5. I tend to fall in love with risk takers. Seeing that I’m probably the biggest risk you’ll ever encounter. There was this one woman who dove headfirst into my spirit and found my beauty in the brevity of my words and said “you have no idea how attracted to you I am right now.”
  6. I haven’t spoken to her two years.
  7. I am fat, black, queer, and a woman yet the world doesn’t understand that because I don’t have a blunt target painted on my head that this world isn’t against me. It’s there, I was just born with it on my skin.
  8. I was granted the title Woman of Promise but all I can promise myself is a slightly false sense of optimism as long as my heart is still beating. I can promise that the sun does rise and fall everyday just as it does every time you smile. I’ve always wondered what it was like to bathe in sunshine.
  9. I then found out that I didn’t need a bikini to drown in ocean that is your eyes, my glasses will do just fine
  10. I’m still ranting but my heart is still trying to get some clearance.
  11. I try to find myself everyday at the bottom of wine and whiskey bottles and the occasional bottle of rum and all I could think of is
  12. Maybe I’m a wreck. Maybe I’m meant to do magical things, like turn my tear ducts into wishing wells so people could find hope in my eyes.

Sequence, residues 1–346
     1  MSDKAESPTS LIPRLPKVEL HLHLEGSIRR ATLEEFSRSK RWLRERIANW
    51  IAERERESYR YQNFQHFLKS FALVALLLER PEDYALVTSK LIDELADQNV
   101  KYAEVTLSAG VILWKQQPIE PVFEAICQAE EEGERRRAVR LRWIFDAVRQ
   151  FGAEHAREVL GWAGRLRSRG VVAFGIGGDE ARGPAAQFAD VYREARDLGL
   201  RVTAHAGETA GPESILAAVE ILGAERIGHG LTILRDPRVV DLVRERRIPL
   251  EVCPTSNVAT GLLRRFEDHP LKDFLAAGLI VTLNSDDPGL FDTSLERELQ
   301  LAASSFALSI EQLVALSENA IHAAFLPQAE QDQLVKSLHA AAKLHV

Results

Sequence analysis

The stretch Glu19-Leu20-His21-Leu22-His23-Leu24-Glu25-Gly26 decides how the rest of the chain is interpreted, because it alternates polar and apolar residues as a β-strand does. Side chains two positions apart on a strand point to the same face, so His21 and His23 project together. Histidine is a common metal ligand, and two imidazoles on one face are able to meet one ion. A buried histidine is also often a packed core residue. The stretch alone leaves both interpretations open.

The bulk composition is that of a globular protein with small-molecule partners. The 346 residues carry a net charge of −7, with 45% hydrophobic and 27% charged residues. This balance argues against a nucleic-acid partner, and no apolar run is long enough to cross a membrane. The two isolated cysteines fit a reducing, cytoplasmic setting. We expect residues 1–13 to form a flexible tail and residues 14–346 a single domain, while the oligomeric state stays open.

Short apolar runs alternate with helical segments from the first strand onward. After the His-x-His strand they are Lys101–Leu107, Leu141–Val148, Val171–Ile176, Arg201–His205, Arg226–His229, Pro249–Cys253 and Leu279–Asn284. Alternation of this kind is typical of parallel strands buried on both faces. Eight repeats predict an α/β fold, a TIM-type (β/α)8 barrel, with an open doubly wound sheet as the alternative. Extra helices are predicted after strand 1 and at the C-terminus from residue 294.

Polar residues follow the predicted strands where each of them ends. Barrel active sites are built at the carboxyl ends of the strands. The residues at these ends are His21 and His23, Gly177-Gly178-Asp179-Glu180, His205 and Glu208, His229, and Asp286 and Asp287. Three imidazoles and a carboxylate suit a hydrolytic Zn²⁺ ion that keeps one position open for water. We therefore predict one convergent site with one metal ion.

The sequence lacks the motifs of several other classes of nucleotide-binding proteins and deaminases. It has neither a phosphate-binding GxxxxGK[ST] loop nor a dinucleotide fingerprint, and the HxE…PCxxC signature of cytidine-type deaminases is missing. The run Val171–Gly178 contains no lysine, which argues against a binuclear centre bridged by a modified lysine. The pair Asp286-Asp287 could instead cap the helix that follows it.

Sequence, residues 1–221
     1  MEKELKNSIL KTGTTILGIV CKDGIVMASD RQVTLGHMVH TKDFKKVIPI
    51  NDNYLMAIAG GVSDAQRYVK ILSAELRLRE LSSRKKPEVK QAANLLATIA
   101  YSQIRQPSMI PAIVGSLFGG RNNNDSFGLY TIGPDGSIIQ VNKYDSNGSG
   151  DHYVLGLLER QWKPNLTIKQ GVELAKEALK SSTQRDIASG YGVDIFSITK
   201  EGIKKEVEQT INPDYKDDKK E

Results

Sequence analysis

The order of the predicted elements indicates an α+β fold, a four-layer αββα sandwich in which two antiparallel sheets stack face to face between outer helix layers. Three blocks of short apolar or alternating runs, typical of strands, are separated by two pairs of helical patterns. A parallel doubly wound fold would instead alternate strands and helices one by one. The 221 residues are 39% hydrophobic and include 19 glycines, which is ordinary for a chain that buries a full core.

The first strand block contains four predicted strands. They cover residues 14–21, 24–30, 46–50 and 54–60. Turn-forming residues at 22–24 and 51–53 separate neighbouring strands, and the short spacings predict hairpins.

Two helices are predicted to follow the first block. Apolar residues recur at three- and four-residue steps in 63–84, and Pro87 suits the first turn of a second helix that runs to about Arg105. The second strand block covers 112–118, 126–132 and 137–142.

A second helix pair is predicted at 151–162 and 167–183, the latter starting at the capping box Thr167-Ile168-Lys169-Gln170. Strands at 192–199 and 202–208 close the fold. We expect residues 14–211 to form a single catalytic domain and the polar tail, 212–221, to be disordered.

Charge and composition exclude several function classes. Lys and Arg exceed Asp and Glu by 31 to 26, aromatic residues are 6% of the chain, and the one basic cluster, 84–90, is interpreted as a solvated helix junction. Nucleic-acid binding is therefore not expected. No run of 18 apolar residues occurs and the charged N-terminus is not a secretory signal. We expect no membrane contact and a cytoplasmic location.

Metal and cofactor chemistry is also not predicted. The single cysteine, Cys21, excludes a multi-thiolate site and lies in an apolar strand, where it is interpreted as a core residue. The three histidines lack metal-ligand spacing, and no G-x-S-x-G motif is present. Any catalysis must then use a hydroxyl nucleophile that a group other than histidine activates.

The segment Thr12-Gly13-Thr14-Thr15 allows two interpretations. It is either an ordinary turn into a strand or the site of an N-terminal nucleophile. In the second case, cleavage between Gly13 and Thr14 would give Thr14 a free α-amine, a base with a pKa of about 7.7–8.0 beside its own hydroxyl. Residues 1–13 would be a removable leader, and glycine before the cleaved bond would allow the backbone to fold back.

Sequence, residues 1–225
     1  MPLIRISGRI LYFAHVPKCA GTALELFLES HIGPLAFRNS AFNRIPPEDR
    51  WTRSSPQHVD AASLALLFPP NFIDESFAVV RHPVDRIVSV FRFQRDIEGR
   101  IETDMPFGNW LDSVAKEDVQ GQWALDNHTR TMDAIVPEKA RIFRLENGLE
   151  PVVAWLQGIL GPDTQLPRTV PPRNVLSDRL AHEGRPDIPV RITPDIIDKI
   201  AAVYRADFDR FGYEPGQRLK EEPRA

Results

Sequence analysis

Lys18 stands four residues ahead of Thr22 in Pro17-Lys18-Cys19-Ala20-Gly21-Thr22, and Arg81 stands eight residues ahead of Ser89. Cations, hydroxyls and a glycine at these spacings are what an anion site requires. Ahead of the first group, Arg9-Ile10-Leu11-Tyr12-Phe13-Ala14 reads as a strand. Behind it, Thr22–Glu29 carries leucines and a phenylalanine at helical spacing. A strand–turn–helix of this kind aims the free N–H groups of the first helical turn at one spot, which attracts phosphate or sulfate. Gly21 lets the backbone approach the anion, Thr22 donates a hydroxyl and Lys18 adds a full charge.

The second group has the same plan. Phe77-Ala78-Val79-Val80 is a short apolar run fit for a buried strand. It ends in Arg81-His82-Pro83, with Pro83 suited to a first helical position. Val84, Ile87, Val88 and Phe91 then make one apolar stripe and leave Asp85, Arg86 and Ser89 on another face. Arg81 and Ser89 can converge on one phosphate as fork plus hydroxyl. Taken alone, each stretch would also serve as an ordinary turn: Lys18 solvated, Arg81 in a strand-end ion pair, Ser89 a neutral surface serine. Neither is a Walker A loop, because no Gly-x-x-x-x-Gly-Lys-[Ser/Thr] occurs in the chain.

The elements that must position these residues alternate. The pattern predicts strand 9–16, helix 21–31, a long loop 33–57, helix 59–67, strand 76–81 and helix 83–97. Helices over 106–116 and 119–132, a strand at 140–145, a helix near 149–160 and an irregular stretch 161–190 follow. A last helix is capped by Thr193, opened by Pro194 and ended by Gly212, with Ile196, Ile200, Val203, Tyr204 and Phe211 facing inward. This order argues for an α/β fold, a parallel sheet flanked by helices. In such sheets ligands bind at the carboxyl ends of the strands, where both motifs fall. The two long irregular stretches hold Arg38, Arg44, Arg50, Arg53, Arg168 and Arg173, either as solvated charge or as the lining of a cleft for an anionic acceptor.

13. Maybe I’m a fortress, built up with walls that tell of the stories that were torn into my skin by rocks and cement and needles dabbed in ink. My family calls it the devil’s work but they can speak for myself more than my lungs can.
  14. I am a dream of a dream of a dream, I have no idea where my grandmother is but I’m pretty sure she’s proud of me.
  15. There is a chance that my anxiety may kill me sending chills down my spine catapulting me into another depth of my depression.
  16. One of my best friends committed suicide before I could honestly tell him how much the world would rip apart without him.
  17. I don’t have enough thread to sew it all back together.
  18. I am sweating profusely as you all judge me for the content of my words which is just another way of saying I don’t agree with your character but,
  19. I still think you’re as beautiful as bluntly possible.
  20. Is the age where I lost my virginity.
  21. Is the age where I found out that words possess the same amount of force as a loaded gun.
  22. Is when I thought it would be okay to aim that gun at someone else in hopes they would see the best in me.
  23. Is where it all went to hell and I finally feel free.

Makeda Loney

Makeda Loney is a copywriter by trade, poet by internal force. She’s a Brooklyn native, but her heart traverses the universe with more than a Metrocard. Through her writing, she tries to translate the storm that’s been brewing inside her since she was born. : kedanomics.tumblr.com